Astronomy - Planet Earth
Mass: 5.976 X 1024 kg (1 Earth)
Radius (equatorial): 6378 km
Mean density: 5.515 g cm-3
Distance from Sun: 149 600 000 km
Rotational period: 0.99727 days
Orbital period: 365.256 days
Escape velocity: 11.18 km s-1
Surface temperature: 15°C (mean)
Atmospheric composition: nitrogen (77%), oxygen (21%), other (2%)
Our planet Earth is the only planet known to harbor life. There are many intertwining factors why life thrives on the Earth both in terms of quantity and variety. Being the third planet, it is situated at a mean distance of just short of
150 000 000 km from the Sun, a distance that is neither too cold nor too hot for water to exist, an essential ingredient for living organisms. Earth's thick atmosphere helps to regulate the temperature that prevent excessive heat from baking the surface while burns most meteorites before they hit the
Earth. At night the Earth's molten nickel-iron core warms the surface and prevent excessive cooling. The molten core also generates strong magnetosphere and, together with the atmosphere, shield the Earth from nearly all harmful radiation coming from the Sun (and other stars).
The Earth's atmosphere consists of 77% nitrogen and 21% oxygen. The former is chemically inert that helps to stablize the atmosphere. Without it, the chemically reactive oxygen will react with many materials, leading to spontaneous combustion.
In addition, the tiny amount of carbon dioxide (~0.03%) is acting as a moderate green house agent. The gas retains heat so that the average surface temperature is maintained at a comfortable 15°C. Otherwise, the temperature will easily drop to around -20°C and ocean would freeze.
Geologically speaking, the Earth's surface is very young, about 500 000 000 years. Erosion and tectonic processes destroy most of the traces of earlier geologic surface history. Nowadays, it is very difficult to find rocks older than 3 billion years old, about 1.5 billion years short of the Earth's age. About 71% of the Earth surface is covered with water. Earth is the only planet where water can exist in liquid form. The presence of large amount of water also helps to regulate the temperature. The liquid water is also responsible for a variety of
geochemical processes such as erosion, migration and cyclization of minerals and elements. Oxygen accounts for about 47% of Earth's crust by weight, while silicon and aluminium comprise of 27% and 8% respectively. Complex cyclization processes (carbon cycle, nitrogen cycle etc) between atmosphere and surface ensure supplies of biologically important elements are properly maintained, often involving waters as intermediaries.
Earth has only one satellite, the Moon. Interesting gravitational effects between the Earth and Moon result in the tides. The gravitaional interaction also causes the Moon to rotate synchronously, that is, it is locked in phase with its orbit so that the same side is always facing the Earth. In addition, Earth is known to have 'companions' which have complicated orbital relationship with the Earth. One example is the Asteroid 3753 Cruithne.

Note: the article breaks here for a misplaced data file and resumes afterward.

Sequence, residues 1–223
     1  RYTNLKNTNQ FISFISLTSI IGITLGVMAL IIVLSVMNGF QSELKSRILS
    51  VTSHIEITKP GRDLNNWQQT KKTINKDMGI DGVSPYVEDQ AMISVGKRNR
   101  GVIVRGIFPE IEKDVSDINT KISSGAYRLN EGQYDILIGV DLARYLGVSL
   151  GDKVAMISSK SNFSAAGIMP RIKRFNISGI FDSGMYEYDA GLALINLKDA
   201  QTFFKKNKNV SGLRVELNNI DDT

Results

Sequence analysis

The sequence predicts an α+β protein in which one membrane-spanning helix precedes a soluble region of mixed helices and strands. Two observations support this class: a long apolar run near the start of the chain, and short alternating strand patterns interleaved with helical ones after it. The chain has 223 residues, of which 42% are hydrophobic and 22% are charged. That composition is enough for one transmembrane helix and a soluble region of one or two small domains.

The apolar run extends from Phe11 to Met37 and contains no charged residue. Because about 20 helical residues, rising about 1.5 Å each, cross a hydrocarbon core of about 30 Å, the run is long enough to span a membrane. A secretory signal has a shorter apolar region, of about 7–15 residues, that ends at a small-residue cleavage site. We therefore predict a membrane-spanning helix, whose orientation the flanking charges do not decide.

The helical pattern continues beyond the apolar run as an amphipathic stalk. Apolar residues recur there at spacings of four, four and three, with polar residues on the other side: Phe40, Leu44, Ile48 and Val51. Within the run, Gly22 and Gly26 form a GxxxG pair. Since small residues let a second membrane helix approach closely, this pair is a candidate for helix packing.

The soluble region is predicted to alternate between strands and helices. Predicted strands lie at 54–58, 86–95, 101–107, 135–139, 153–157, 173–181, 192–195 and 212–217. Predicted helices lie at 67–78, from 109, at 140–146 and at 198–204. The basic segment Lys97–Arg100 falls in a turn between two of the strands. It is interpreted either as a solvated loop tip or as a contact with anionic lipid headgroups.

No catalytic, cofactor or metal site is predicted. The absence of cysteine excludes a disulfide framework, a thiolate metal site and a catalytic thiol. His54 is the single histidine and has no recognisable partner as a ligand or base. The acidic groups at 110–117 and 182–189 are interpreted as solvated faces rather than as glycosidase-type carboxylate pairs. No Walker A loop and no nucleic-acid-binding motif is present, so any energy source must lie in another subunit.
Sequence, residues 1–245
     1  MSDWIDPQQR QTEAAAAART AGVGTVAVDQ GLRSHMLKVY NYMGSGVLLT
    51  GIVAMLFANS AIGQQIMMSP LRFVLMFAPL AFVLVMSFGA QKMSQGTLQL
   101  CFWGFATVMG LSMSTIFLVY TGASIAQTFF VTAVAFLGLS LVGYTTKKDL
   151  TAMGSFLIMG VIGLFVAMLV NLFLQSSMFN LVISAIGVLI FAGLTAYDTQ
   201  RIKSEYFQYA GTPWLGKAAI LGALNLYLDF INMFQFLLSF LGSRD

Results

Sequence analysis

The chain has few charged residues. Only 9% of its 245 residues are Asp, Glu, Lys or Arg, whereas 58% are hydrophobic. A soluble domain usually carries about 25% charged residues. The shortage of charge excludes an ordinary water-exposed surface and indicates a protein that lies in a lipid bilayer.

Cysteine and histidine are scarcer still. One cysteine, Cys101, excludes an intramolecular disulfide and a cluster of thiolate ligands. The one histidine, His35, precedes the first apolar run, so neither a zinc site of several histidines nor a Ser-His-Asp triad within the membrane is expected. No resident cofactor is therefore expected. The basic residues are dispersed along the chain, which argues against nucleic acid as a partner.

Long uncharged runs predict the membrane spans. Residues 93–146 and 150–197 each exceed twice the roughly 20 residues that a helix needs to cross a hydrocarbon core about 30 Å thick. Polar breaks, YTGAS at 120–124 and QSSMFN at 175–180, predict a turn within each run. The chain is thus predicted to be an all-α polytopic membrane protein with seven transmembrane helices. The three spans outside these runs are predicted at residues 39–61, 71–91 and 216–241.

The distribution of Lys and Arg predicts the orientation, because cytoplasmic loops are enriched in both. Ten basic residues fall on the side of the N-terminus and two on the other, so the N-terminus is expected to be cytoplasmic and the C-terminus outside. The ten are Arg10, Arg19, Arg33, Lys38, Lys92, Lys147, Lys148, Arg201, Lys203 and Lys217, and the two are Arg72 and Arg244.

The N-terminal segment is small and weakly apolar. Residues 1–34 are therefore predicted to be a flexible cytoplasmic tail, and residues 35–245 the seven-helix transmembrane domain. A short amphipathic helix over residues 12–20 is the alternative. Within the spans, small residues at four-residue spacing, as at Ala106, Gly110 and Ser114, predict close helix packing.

With our very presence on Earth we do not need to study Earth using remote spacecrafts. Nevertheless, we have learn a great deal about our Home by using artificial satellites. Global images taken at various wavelengths with unprecedented details have taught us a lot in areas such as human impacts on Earth's ecology and environment.
One of the most requested picture of the Earth, the image was taken from Apollo 17, on December 1972, as the spacecraft is travelling to the Moon. The image shows Saudi Arabia and Africa partially shrouded by clouds. Huge masses of clouds is seen to cover most of the southern
hemisphere. This picture also shows for the first time the Antartica south polar ice cap.
View of Earth from Moon, taken by Apollo 8 astronauts in December 1968, the first humans to circumnavigate the Moon. The Earth is about 5 degree above the Lunar horizon.
Visible image of Earth, taken from Polar mission, showing for the first time simultaneously the northern and southern lights (auroras borealis and australis). The auroras appeared during a Sun storm on October 2001. The images confirm the three-century old theory that auroras in the nothern and southern hemispheres are nearly mirror images.
Credit: Polar: GSFC/NASA.
Venus express, launched in 8 November 2005, took this infrared view of Earth at 3.5 million km using VIRTIS instrument. The planet appears almost 'fully illuminated' with no difference from day and night regions since only the thermal radiance is seen.
The Antarctica region, being colder, produces a weaker signal and appears as dark blue.
Credit: ESA/VIRTIS Team.
Views of Moon taken by Galileo. Left picture shows Orientale Basin and the right picture shows the rotated Moon, with the Orientale now on the Western limb.
Credit: Galileo: NASA
POLAR Mission - Exploring Through the Solar Cycle. A mission to study Earth's aurora regions in ultraviolet, visible and X-ray.
SeaWIFS - Study and collect data on oceans.
Clementine Mission - Map lunar surface, in a wide range of wavelengths- from ultraviolet to infrared red. Mission ended due to malfunction in June 1994.
Lunar Prospector Mission - Low polar orbit investigation of the Moon, especially for any possible sign of water at the polar regions. Controlled crash to surface on July 1999.